for most people to understand.

Thomas Knapp, well noted Linux news addict, explained his
addiction to Linux Today news this way: “Well, I basically cannot
drink a cup of coffee in the morning without the glow of my monitor
and Linux Today headlines. I was working some Y2K overtime tonight
and when the newswire went down for the five minutes right at 00:00
UTC, I got the DT’s and began spouting random quotes from the awk
man page. Fortunately, my boss came along and refreshed the browser
with new headlines and I pulled out of it.”

Bob Doomsday, a survivalist who maintains an automated
Linux-based fallout shelter in southern Montana, reported that the
outage not only caused his automated system to halt, but also
caused his generators to go off-line.

“Add to the fact that I had just taken a couple of sips from a
fresh can of beer, and the lights went out and all…” Doomsday
explained, “I just sat there in the dark, terrified, thinking ‘Oh
my God! What if there’s a new release of Mandrake and I miss it?!
What if that beer gets warm?!'”. Fortunately, the web site came
back on-line fast enough for Doomsday to reach his beer (it was
still cold, he assured us) and catch the next few headlines.

There were reports of panic stricken hackers being rushed into
emergency rooms where nurses ran about with faxed copies of the
newswire, frantically reading headlines to the stricken and
administering sedatives and coffee in alternating doses.

“What!” yelled one Java programmer from Canton, Ohio.
“Debian-Hurd #15 is out!!! — This is Old news!”, he
screamed in indignation, “I read this 30 minutes ago!”, as he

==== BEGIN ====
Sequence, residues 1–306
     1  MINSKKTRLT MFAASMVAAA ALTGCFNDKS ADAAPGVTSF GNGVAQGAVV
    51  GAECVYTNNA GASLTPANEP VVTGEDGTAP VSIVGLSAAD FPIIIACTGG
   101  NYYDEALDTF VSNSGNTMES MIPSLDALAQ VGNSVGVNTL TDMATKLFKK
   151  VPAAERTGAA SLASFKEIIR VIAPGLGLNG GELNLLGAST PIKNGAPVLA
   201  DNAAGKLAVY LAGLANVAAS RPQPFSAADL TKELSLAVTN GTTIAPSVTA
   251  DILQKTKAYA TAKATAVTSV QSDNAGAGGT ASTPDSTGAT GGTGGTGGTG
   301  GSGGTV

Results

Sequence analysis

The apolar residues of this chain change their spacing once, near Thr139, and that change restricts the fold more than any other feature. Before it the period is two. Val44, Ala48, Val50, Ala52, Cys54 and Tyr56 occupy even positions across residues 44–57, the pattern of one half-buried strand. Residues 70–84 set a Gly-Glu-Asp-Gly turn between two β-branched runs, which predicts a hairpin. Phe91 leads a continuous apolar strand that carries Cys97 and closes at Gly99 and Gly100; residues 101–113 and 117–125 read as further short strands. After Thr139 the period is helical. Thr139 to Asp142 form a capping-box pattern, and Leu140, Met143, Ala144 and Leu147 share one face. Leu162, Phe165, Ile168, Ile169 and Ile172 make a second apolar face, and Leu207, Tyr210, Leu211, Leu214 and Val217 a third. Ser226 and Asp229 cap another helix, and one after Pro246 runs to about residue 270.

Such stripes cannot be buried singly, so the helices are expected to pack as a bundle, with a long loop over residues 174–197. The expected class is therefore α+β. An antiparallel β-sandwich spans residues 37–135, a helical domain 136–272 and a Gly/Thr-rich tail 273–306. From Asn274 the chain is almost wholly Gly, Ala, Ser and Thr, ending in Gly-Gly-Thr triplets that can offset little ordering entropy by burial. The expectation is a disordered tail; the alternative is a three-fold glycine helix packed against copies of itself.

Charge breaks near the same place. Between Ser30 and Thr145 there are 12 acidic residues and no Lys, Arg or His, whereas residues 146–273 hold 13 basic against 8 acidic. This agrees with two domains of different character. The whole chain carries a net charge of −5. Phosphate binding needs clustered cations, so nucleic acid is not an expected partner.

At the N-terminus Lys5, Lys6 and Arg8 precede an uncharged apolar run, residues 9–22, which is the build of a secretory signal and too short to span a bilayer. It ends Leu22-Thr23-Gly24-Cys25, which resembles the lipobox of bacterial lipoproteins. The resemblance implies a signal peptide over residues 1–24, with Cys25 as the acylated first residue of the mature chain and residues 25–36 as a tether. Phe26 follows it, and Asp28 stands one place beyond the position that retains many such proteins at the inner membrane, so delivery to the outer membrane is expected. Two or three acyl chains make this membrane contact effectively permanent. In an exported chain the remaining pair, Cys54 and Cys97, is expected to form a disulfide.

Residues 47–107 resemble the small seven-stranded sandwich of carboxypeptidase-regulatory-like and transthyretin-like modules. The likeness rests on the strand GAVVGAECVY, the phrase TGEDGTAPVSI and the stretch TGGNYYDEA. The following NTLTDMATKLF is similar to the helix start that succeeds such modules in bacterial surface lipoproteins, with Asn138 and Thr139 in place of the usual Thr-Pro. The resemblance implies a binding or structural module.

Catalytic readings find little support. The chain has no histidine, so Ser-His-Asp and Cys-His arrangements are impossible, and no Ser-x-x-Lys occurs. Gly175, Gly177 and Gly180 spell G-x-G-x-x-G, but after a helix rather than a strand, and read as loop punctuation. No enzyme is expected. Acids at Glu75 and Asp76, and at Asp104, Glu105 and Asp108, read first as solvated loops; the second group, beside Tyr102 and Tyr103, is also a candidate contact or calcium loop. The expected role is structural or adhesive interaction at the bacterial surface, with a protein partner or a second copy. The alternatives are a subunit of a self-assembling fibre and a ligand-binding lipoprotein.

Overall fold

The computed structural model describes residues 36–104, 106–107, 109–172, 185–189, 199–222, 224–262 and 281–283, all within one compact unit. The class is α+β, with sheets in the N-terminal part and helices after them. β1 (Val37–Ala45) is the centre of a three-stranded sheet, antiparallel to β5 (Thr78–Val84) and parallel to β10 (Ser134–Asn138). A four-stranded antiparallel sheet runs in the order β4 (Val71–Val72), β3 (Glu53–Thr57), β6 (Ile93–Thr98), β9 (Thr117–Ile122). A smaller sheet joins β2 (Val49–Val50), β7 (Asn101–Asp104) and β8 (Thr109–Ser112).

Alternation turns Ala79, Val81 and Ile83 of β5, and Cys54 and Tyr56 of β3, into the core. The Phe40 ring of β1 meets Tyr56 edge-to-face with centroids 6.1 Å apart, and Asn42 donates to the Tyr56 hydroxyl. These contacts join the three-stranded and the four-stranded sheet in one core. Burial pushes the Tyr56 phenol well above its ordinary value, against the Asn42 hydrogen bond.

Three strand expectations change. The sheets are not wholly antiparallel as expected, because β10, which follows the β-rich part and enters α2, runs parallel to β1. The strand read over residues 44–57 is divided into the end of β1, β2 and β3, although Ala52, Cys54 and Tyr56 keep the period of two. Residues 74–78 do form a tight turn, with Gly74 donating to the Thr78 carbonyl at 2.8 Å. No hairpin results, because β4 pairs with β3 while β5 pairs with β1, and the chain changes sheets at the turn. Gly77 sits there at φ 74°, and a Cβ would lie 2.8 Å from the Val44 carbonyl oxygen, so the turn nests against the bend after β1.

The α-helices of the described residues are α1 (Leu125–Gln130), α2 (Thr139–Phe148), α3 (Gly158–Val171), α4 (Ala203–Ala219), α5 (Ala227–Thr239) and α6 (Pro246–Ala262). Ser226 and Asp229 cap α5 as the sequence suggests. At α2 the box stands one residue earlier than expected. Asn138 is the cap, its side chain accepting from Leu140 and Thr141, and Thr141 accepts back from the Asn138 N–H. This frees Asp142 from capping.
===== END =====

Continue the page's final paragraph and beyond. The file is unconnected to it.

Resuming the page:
promptly fell into a faint.

Others pointed to the disturbing effects of the outage as
proof-positive that Linux and Internet addiction are signs of a
fatal over-dependence upon technology and information overload. One
out of work typewriter repairman opined, “People need to get back
to simpler days — days when people sat around the fire and used
typewriters to compose simple letters to be mailed via the local
post office.”

Critical Warnings Went Unheeded
The Y2K was rapidly approaching and Paul Ferris let us know he
needed to get back to his beer and guests, but not before he added
this: “I’ve tried many times over the past months to warn Dwight
and now look what has happened! Thousands of innocent Linux Today
readers were deprived of their headlines for 300 whole
seconds
!”.

It should be noted that Paul Ferris publishes a scurrilous
column for Linux Today called ‘Rant Mode Equals One’ and,
therefore, one should not put too much weight on his remarks,
especially when ‘$beers >= 3;’.

Nevertheless, Ferris was not quite finished. “What’s the world
coming to! This is crazy! Dogs and cats living together, people
dual-booting GNU/Hurd and Windows NT! God, I can’t believe it.
Now Linux Today, down, bam, like that.“, he said,
boldly. “I tried to warn em’, but no, they
wouldn’t listen!
” He underlined, for emphasis.

“Sound the alarm! Don’t put up with it! We can’t live our lives
in the shadow of such uncaring terror as this! People have to rid
themselves of dependence on proprietary software! Windows 3.1 is
not an operating system! Don’t believe the writing on the box,
already. DOS stands for “Denial Of Service”. It’s not something to
base your business on!”

He let us know there was more where that came from, but we
thanked him for his time.

In contrast, Johnson remained unshaken throughout. He spent the
five minutes of outage checking Linux Weekly News to see if it had
any headlines Linux Today had missed. He assured us that people
aren’t too dependent upon Linux Today and that things were being
blown way out of proportion.

“Of course, we should have replaced the Windows box long ago,”
he said. “But you know how it goes. You never seem to have time to
do something until it goes out on you.”

We thought we heard a disgusting belch as he was signing off to
return to his guests, but it may just have been the legs of a chair
scraping on the floor. We are sure about his last words, though. We
distinctly heard “Happy New Year!” as Johnson hung up.